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The Weapon of Love

People across the country are furious with our current state of affairs and how our government handles certain issues. Particularly for me, although I’m concerned with a number of things, I concentrate on equal rights for the GLBT community. It affects me deeply being a gay man in today’s society, and certain government officials are making it hard to feel like an equal citizen of the United States.

Recently, comedian Tracy Morgan performed an act in which he said he would stab his son if he ever told his dad he was gay. Immediately, the gay community took to the Internet and blasted Morgan for his outrageous comment, as they should. Tracy came back a few days later explaining he messed up and wanted to make it right by protesting with the gays at rallies and functions to promote equal rights.

Personally, I will believe it when I see it, but I am open to letting Morgan attend rallies to show support. Part of me understands he is a celebrity on a hit show whose ratings could rapidly decrease because of his obscene comment. However, I am optimistic in believing Tracy had a rude awakening and he isn’t wanting to simply “save face”, but he’s actually wanting to make it right.

My life has been riddled with mistakes I wish I could take back, but I learned from them. I learned to become a better person by realizing I am not always right in what I say and do. So, why can’t Tracy be given the same chance?

A recent advocate for GetEqual, a year old group doing tons of great work towards the fight for GLBT equality, claimed he was done with Tracy Morgan completely. The man made a horrible comment and the advocate wasn’t willing to forgive Tracy.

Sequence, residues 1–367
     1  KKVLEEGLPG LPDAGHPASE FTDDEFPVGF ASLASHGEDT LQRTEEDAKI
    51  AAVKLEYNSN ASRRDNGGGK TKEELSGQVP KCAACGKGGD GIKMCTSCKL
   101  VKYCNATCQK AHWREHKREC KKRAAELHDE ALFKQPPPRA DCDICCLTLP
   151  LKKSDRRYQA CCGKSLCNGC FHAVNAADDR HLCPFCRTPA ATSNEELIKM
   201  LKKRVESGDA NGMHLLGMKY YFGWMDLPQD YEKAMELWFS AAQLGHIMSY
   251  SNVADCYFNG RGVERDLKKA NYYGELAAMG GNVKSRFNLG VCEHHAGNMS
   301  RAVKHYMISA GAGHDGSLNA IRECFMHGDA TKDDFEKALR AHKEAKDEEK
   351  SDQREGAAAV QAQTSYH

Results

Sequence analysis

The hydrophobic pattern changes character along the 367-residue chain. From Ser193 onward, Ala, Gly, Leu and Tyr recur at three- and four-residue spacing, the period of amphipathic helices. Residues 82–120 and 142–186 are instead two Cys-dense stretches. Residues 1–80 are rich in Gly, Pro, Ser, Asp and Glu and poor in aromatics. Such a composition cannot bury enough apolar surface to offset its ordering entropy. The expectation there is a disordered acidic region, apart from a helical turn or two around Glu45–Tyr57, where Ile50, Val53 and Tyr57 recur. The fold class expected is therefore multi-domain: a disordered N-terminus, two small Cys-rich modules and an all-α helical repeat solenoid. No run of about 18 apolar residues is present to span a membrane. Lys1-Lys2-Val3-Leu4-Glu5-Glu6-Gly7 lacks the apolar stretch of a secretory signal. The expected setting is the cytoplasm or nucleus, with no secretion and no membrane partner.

If we continue to push aside the people willing to learn and grow and become better people, the fight for equal rights will be hindered. Even if we win, we will not become better people by throwing these people aside. I grew up not being given a chance by the majority because they said I wasn’t equal. I will not do the same to someone wanting to change and grow and learn from their mistakes. I’d rather be the accepting, loving person I know that I am.

Of course, this brings me to a well-known saying: “Fool me once, shame on you. Fool me twice, shame on me.” However, if we use love as our weapon and shield, we will show compassion and understanding towards those opposed to us. We will not become like them. We will be better and feel better about ourselves without feeling hurt by their actions. After all, haven’t any of us been there before: making mistakes and wanting to fix them?

Below, I am sharing a video of former KKK clan leader Johnny Lee Clary and his story about how one black man changed Johnny’s view simply by showing love. If he can change the heart of the KKK clan leader, who says we can’t do the same with those against us?

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